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Sustainable Livelihood for Displaced Rohingyas and Their Resilience at Bhashan Char in Bangladesh

Department of Fisheries, University of Dhaka, Dhaka 1000, Bangladesh
Sustainability Services Limited, Mirpur, Dhaka 1216, Bangladesh
Department of Economics, North South University, Dhaka 1229, Bangladesh
Department of Political Science and Sociology, North South University, Dhaka 1229, Bangladesh
School of Science, Technology and Engineering (SSTE), University of the Sunshine Coast, Maroochydore DC, QLD 4558, Australia
Department of Earth and Environment, Florida International University, Miami, FL 33199, USA
Author to whom correspondence should be addressed.
Sustainability 2022, 14(10), 6374;
Submission received: 24 March 2022 / Revised: 12 May 2022 / Accepted: 21 May 2022 / Published: 23 May 2022


The livelihood sustainability of the Rohingya refugees relocated in Bhashan Char, Bangladesh, has been questioned by various international stakeholders due to the remoteness and perceived vulnerabilities of the island. The Bangladesh government, a few international organizations, and some non-government organizations are working on developing livelihood opportunities in there. But there is scarce study about the livelihood opportunities and challenges of the Rohingyas living there. This study explores the vulnerabilities and livelihood opportunities of Rohingyas in Bhashan Char so as to help increase their resilience. The vulnerabilities include natural, geographical, and climatic shocks and stresses (e.g., cyclone, floods, storm surge, sea-level rise, geographical position). However, there are ample opportunities for their livelihood development, despite some challenges which can be overcome with concerted efforts. The opportunities include intensification and extensification of livelihood activities, such as modern agriculture, fish farming, livestock rearing, small business, handicraft, fishing net mending, crab fattening, biofloc aquaculture, and fish cage culture, but turning these opportunities into reality requires sufficient investment and internationally positive attitude. Better shelter, better disaster preparedness, cultural practices, education, and skill development can increase their capacity to bounce back, absorb shocks, and make them more resilient. National and international humanitarian organizations should plan to enhance the resilience of the Rohingya communities living in Bhashan Char and the island itself so that they can sustain in the long run, even after their anticipated repatriation to Myanmar.

1. Introduction

Bangladesh has a long history of sheltering Rohingya refugees of Myanmar [1] (Table 1). In 2017, millions of Rohingya were forced to seek refuge in Bangladesh after the brutal ethnic violence initiated by Myanmar [2]. These displaced Rohingyas are currently living in different makeshift camps in Cox’s Bazar, Bangladesh, waiting to return to their homeland [3]. The total number of Rohingya in Bangladesh has increased from 767,324 (154,264 households) after the August 2017 influx to 918,841 (192,908 households) in December 2021 [4]. These extra populations have a social, natural, environmental, legal, and financial impact on Bangladesh [5,6,7,8,9]. The livelihood of the Rohingyas is mostly dependent on the humanitarian aid provided by the Bangladesh government and other national and international donor organizations [10]. In addition, they are involved in small income-generating activities such as agricultural farming, fishing in the waterbody, cutting and collecting wood, small business, wage market, remittance, and non-food transfer, mainly as part of the capacity development support monitored by local and international agencies working there [11,12].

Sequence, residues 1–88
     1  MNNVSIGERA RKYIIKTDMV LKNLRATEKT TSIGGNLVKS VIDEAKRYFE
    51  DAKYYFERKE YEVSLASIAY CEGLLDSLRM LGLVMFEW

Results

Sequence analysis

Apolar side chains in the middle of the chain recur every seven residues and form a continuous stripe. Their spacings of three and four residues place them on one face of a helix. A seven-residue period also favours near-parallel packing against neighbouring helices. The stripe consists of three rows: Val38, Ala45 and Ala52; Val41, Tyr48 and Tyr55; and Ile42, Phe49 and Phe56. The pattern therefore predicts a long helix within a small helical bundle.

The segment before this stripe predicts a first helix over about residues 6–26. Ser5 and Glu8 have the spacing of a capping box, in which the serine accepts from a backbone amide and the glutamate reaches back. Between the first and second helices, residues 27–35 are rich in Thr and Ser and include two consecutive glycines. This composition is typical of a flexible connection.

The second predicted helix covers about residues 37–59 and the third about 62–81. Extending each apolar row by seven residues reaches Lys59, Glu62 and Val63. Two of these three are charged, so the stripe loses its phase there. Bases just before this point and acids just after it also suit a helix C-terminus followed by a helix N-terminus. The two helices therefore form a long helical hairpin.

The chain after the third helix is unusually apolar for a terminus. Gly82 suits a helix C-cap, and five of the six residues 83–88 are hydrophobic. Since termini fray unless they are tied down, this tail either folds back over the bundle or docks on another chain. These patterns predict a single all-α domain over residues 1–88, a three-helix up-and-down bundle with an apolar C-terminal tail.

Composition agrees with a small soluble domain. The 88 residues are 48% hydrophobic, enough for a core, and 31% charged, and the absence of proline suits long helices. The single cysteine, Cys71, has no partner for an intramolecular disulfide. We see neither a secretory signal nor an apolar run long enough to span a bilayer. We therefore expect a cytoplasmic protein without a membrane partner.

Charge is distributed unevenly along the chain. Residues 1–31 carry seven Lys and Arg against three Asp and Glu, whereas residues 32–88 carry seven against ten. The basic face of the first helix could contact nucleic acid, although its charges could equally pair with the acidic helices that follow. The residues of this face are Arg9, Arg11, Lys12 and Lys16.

To reduce such pressure of this massive population in Cox’s Bazar, the Bangladesh government has built a rehabilitation project in Bhashan Char, Noakhali, for 0.1 million Rohingyas [11]. This relocation initiative is perceived to give rise to a controversial debate among the international humanitarian and donor organizations [14,15]. The debate comes due to remoteness and disasters such as cyclone susceptibility posed by climate change phenomenon, limitation in movement, etc. [14]. Since 3 December 2020, around 20,000 Rohingya refugees have been relocated to Bhashan Char [14]. Bangladesh government has taken some initiatives to build livelihood opportunities for the Rohingya community in Bhashan Char [16], but are those livelihood options enough for them? How will these options be sustainable in the long run? There is no study highlighting these kinds of issues in Bhashan Char despite some related study from other regions of the country [17,18,19]. This study aims to explore the livelihood vulnerabilities and opportunities of displaced Rohingyas in Bhashan Char Island in order to increase their resilience. The study will also contribute to ongoing controversies and debate by UN and other humanitarian agencies on Rohingya refugee resettlement in Bhashan Char by the government of Bangladesh.

2. Methodology

2.1. Data Sources

We used secondary data from published peer-reviewed journal articles, reports published by national and international organizations, and newspaper reports (where no published data are available). Relevant studies were reviewed after being identified through Google scholar, Web of Science, and Google searches using the keywords—"Rohingya”, “Bhashan Char”, “Livelihoods of Rohingya”, and “Livelihood challenges of Rohingya”. A time filter was also used to access the literature published after 2017.